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Three Paintings: A Decade in the Life of Shirley Goldfarb

Shirley Goldfarb, like other American artists working in Paris at the time, had distanced herself from abstract expressionism by the mid-Sixties and found her own unique voice. She applied paint with increasingly small, more controlled gestures. “I’ve forgotten all that impressionism, all that tachism, all that expressionism,” Goldfarb said in an interview with Michel Sicard. “Now I need to walk across the canvas, one step after another. It’s like writing a long letter.”

Her personal need for order played out increasingly on canvas as hundreds, perhaps thousands of individual touches with a palette knife organized themselves into a painterly grid, and her work began its reductive march toward a monochromatic palette. She painted “Lime and Purple” (1967) during a return to the United States to teach at the Minneapolis College of Art and Design with her husband Gregory Masurovsky. The school year culminated in a well-received exhibition at the Minneapolis Institute of Arts.

The painting “Chartres” (1971) is part of another series begun in Minnesota and completed in Paris. In it, dabs of color dance atop a black under painting like city lights against the night sky. They reflect the residual optimism that briefly followed Goldfarb’s return from America and the glittering distraction of the café crowd whose entrances and exits she recorded in a journal by day and whose soirees she attended at night. She was often an uninvited yet anticipated guest.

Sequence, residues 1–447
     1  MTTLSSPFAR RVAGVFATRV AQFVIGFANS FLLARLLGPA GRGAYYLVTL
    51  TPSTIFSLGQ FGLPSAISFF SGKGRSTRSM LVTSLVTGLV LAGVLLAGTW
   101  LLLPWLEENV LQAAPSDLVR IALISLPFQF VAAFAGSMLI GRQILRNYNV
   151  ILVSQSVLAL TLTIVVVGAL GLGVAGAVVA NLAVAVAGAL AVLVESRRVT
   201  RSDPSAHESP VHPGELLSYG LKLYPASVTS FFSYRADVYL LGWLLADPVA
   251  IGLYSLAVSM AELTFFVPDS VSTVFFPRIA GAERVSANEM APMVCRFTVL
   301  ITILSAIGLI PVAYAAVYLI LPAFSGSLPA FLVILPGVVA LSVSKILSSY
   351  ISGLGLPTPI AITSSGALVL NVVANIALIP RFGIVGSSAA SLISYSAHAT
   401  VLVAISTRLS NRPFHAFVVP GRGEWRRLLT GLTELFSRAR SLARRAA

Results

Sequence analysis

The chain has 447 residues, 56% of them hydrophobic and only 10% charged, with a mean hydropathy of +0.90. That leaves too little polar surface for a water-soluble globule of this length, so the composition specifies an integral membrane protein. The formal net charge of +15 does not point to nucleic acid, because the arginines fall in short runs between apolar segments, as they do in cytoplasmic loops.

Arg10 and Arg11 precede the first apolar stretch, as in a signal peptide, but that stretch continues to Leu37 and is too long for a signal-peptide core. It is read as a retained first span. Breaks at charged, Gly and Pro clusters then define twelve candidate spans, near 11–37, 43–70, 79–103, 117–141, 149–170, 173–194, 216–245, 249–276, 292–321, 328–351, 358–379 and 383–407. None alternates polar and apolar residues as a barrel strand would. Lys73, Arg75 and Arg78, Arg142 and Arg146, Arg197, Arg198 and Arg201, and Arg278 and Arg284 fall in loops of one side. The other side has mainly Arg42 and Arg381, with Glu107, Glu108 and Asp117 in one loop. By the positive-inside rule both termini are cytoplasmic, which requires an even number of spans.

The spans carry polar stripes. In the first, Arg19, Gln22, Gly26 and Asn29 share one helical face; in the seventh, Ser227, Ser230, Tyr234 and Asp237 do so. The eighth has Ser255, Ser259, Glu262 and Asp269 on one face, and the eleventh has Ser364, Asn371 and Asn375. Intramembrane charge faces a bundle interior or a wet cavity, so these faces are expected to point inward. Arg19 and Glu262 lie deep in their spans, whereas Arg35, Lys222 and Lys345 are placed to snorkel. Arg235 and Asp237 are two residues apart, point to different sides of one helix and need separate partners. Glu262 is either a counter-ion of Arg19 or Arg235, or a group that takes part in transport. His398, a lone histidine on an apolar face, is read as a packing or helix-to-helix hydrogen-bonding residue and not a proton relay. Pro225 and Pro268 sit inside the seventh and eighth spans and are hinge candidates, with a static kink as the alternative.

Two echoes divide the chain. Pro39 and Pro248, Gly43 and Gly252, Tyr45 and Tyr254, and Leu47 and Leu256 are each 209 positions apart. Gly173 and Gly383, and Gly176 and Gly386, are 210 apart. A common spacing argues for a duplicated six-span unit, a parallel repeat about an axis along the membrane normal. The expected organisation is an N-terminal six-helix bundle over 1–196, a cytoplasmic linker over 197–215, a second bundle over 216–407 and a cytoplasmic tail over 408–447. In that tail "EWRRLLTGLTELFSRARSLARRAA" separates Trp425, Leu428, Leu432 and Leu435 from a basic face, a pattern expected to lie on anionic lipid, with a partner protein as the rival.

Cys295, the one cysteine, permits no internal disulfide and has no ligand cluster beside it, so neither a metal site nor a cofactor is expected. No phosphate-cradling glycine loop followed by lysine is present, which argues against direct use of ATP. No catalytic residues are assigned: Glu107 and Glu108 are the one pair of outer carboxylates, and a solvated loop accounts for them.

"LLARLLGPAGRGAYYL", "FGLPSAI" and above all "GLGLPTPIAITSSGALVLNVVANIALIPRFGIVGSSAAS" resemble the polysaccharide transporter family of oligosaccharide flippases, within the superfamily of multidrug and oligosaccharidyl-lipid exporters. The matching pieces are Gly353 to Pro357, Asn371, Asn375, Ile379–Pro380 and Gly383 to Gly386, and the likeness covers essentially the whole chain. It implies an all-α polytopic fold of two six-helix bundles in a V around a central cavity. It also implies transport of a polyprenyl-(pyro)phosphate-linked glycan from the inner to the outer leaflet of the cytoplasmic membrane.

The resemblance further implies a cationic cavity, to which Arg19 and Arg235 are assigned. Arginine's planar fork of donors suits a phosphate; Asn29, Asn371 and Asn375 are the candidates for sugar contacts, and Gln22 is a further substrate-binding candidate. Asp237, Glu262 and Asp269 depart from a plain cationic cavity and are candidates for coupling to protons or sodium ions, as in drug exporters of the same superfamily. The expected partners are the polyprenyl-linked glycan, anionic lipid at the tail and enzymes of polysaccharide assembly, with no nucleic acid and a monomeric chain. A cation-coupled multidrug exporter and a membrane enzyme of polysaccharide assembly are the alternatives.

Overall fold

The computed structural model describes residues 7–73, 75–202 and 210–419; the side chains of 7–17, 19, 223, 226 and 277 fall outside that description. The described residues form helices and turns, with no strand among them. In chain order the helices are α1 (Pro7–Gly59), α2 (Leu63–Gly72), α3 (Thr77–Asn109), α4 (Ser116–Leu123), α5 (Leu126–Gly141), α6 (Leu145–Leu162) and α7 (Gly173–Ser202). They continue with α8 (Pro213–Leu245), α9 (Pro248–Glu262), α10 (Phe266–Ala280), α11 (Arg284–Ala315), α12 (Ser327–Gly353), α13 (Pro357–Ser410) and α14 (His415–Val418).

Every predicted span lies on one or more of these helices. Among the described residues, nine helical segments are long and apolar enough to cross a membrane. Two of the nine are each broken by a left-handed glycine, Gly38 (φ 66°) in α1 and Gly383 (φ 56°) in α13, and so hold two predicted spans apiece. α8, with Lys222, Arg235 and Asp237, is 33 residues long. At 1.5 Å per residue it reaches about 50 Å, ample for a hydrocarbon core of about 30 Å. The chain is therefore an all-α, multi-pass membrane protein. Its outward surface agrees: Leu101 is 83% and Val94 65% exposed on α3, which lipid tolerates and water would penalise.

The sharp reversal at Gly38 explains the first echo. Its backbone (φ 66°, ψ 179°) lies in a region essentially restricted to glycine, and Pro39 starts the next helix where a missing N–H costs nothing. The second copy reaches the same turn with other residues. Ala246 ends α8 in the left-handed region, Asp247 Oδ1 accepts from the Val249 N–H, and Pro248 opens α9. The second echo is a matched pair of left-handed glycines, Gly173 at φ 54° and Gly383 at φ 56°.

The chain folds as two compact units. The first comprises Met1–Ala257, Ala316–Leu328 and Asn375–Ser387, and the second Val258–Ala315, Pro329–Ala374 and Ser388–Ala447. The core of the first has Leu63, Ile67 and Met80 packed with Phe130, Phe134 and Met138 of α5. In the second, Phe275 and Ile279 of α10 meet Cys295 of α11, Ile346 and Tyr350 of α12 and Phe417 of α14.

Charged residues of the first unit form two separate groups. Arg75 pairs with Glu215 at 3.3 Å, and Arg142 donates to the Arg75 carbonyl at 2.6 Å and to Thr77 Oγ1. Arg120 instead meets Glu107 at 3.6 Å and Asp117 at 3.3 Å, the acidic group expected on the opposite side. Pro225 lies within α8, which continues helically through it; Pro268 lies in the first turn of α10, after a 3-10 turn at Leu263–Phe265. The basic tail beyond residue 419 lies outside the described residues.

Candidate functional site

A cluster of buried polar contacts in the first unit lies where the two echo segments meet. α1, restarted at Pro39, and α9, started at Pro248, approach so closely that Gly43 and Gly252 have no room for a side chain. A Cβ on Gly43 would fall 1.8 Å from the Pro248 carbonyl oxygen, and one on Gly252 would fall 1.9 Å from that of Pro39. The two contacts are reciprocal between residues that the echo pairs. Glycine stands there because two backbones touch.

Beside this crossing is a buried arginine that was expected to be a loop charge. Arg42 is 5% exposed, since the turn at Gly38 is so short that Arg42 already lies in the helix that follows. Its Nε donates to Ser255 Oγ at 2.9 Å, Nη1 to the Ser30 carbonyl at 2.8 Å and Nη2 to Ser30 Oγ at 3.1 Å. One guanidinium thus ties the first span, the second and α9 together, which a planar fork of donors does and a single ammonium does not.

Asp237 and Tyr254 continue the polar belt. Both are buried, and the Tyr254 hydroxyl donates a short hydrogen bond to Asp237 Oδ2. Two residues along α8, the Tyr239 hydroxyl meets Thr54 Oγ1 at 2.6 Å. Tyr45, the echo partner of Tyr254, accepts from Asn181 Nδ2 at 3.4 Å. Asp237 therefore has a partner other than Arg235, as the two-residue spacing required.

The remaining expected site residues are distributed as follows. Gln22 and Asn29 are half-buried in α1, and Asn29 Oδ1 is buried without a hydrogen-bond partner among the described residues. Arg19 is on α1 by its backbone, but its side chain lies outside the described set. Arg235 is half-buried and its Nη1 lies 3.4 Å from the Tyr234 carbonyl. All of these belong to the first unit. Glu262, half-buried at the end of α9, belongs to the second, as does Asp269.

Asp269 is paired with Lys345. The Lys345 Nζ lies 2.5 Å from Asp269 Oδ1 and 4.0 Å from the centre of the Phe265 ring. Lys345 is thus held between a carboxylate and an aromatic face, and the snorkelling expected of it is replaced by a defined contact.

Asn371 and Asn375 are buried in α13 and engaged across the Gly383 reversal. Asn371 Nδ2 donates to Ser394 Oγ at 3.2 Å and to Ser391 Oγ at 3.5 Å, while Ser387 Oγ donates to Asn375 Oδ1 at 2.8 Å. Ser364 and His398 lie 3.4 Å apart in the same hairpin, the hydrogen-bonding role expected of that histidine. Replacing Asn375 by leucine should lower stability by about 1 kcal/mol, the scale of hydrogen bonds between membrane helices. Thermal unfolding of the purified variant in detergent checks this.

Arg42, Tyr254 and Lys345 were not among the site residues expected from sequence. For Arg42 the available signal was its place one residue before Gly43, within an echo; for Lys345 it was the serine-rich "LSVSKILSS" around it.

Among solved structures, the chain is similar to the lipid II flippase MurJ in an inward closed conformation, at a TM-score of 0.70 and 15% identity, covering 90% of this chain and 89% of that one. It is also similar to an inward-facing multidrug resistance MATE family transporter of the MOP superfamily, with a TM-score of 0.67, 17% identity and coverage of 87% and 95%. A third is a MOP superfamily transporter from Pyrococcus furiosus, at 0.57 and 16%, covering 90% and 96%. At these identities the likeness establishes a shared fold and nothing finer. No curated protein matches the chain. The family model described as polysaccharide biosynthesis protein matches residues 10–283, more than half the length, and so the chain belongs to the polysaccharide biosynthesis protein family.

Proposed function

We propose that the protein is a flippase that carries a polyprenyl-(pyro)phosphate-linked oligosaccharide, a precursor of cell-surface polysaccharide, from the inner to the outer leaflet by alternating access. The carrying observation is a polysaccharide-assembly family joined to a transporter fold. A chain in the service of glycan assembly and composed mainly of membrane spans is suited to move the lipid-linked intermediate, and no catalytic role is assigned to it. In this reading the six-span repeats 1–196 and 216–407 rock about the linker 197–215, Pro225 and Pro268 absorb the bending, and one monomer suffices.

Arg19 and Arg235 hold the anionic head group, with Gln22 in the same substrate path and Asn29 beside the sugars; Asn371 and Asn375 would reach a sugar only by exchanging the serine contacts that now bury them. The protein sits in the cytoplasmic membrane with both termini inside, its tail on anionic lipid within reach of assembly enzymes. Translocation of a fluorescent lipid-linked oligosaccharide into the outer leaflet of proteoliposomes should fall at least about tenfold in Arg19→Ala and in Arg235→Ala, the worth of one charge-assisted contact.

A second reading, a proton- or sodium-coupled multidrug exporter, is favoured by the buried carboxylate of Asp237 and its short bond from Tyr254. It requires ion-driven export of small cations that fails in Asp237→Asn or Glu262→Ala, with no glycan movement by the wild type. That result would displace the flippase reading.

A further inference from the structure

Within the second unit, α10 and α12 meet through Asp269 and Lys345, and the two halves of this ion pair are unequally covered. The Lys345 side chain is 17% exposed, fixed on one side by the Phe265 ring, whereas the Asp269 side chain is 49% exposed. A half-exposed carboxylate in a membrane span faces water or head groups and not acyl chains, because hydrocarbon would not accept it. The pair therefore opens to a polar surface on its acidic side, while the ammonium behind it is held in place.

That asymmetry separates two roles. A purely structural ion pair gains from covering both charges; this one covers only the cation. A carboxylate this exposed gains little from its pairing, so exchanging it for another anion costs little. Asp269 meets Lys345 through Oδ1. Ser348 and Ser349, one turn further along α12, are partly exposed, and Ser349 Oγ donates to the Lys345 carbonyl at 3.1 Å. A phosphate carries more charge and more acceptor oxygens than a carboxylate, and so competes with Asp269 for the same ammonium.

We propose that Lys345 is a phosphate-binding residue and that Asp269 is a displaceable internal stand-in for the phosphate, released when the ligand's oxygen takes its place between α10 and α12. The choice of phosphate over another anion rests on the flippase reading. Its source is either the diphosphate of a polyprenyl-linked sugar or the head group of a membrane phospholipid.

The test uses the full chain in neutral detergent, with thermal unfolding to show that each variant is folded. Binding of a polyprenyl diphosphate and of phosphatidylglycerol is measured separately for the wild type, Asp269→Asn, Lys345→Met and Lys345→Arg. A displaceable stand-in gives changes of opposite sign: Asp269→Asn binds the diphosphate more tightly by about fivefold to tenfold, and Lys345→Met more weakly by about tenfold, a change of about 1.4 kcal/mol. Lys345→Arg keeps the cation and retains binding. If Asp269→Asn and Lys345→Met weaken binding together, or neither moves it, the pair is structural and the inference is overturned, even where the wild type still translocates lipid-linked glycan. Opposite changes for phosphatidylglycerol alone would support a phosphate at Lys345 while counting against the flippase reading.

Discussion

In 1977, Shirley Goldfarb completed only one major painting, some days applying only three or four touches of color taken directly from the tube, other days working for several hours. A personal meditation as well as a work of art, “1977” was succeeded by paintings produced even as the artist received treatment for ovarian cancer. She died in her atelier on September 28, 1980 at the age of 55.

--Rebecca Cohen, currently working on a biography of Shirley Goldfarb

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